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What are they twittering about?

cartoon picture of boy hugging computerWhat are these social networking sites that we keep on hearing about?

Why do children and teens seem content to sit in front of a screen and type messages to their friends instead of going out and seeing them face to face?

Surely this is no suitable alternative. Is this yet another example of technology becoming a hindrance rather than a help?

Social networking sites are a relatively new phenomenon, allowing users to keep up to date with everything that their friends are doing. There are hundreds of different kinds, but Facebook and Twitter are the most popular ones.

The basics of Facebook are that each user has to sign up and then they receive their own profile page. Every time you go onto the site you sign in and all of your network friends can see that you are online. Your profile page is a place where you can post your thoughts, what you are doing or even what you had for lunch, and then your friends can comment on these posts. People upload photos from their digital cameras and phones which are then open for all of their friends to view and comment on. To become friends with someone on the site you just have to find them, which can be done in a variety of ways, and request to become friends with them. It is then up to them to decide whether to accept or decline your request.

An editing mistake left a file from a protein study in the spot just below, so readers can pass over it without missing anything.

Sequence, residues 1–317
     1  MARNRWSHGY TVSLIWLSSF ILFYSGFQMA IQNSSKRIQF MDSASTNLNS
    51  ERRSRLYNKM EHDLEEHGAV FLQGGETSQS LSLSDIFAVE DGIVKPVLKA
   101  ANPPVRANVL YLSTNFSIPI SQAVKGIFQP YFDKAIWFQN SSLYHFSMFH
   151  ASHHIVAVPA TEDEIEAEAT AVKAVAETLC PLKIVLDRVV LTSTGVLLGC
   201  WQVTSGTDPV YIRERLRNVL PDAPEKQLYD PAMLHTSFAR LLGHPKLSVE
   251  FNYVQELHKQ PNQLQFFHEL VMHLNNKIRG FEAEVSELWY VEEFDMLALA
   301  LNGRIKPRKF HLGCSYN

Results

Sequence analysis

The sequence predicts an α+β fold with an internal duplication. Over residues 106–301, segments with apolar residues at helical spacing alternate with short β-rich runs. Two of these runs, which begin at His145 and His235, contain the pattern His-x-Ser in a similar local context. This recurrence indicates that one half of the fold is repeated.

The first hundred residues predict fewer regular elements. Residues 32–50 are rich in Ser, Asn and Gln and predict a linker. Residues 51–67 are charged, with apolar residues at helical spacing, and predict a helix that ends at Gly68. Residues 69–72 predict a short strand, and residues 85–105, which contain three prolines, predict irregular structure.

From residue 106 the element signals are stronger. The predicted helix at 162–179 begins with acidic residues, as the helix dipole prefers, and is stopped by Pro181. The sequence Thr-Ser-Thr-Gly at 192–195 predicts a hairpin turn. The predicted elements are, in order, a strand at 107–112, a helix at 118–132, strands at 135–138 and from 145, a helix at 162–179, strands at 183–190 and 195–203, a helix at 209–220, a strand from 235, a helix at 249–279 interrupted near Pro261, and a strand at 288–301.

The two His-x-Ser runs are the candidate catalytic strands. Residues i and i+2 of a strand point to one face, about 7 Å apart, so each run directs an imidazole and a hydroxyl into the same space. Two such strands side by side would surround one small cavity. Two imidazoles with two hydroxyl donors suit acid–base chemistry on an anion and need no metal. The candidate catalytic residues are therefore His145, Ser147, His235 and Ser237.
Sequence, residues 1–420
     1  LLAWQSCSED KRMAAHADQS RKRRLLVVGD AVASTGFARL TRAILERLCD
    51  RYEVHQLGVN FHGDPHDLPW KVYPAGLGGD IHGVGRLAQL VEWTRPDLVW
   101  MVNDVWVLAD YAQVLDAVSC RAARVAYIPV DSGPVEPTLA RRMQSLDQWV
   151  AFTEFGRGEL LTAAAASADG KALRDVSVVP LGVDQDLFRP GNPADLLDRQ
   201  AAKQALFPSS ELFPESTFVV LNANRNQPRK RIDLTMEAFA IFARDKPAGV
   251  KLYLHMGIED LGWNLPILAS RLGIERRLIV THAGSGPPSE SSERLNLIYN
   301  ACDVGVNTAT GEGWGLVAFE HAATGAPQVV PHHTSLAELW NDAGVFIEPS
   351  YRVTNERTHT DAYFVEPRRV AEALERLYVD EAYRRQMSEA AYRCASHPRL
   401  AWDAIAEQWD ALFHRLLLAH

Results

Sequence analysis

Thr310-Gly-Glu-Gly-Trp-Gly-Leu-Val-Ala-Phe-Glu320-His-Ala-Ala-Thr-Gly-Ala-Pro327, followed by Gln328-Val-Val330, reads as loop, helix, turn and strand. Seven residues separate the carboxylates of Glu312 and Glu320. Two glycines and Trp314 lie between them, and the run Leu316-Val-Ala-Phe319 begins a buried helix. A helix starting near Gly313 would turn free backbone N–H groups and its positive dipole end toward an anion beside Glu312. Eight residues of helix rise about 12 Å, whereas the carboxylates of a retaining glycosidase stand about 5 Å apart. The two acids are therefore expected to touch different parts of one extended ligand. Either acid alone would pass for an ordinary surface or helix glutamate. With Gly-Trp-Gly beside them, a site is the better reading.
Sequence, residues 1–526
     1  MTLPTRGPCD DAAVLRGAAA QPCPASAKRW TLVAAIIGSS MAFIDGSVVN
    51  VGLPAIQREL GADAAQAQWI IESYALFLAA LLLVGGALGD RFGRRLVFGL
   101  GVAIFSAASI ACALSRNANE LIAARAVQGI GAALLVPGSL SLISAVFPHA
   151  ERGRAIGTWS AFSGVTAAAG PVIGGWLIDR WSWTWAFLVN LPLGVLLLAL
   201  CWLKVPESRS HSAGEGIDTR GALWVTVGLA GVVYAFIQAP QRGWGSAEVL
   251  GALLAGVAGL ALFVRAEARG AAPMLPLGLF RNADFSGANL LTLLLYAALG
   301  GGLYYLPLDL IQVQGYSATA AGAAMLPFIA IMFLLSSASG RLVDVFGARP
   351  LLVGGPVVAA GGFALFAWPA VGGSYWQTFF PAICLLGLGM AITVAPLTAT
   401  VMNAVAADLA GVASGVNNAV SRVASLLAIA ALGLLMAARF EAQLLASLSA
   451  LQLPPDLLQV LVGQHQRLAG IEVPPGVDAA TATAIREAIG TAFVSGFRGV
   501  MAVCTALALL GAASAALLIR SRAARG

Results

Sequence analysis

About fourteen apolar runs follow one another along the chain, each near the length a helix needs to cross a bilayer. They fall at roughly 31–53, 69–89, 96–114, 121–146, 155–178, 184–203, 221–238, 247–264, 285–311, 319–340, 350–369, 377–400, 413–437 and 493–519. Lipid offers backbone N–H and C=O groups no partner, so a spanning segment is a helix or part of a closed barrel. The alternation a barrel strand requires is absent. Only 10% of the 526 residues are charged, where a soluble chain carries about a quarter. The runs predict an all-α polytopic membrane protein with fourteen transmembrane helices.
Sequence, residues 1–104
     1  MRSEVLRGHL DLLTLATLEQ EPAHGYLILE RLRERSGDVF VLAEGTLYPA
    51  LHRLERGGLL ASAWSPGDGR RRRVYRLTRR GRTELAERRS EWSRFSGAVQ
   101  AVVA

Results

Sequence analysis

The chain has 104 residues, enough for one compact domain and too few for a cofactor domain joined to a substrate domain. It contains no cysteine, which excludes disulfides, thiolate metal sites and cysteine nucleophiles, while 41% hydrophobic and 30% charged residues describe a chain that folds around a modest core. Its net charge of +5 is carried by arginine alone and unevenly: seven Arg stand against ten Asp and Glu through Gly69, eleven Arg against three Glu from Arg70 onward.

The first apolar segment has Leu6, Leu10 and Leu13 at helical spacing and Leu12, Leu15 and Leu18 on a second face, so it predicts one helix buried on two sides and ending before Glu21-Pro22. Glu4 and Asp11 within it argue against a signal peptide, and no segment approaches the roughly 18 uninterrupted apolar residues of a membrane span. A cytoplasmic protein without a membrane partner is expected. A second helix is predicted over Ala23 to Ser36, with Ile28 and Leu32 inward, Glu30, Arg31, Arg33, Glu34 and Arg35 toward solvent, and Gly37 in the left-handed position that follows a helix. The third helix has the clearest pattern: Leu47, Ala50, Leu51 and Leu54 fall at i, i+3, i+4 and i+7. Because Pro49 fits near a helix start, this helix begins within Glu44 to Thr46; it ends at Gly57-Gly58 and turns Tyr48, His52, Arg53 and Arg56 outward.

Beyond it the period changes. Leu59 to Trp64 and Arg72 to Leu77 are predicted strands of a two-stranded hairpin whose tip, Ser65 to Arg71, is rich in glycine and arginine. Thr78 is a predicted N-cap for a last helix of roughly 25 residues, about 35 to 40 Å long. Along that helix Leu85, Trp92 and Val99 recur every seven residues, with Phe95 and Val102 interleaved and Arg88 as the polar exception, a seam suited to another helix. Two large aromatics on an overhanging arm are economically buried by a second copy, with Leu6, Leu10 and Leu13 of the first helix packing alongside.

Twitter is very similar, but is more about following everything that your favourite celebrities are up to. Stephen Fry, for example, is a regular user and if you choose to you can view every one of his posts, thereby following his life and his day to day commitments.

There are many different arguments for both the positives and negatives of social network sites. They describe themselves as being social networking sites, but in reality are they an antisocial pastime? Sitting on a computer by yourself looking at what your friends have been doing that day is surely not a social activity. There is also the security question that has to be raised; what is to stop a na�ve child posting details about who they are and where they live to a complete stranger? They do, however, mean that your distant cousin living in Australia is now not so distant; you can discover what he had for lunch that day or even view the photos of him from his work's Christmas do the night before and all for free. A process that by phone or letters would either be impossible or cost an astronomical amount.

All in all these sites can be a useful and cost effective way of communicating with family and friends if used moderately and properly. However, if they are used to excess they can take you away from everyday reality instead of keeping you in touch with it, and it is only a matter of time before the first clich� online social network site wedding takes place, therefore proving that the online socialising craze has gone too far.

Tom Shipman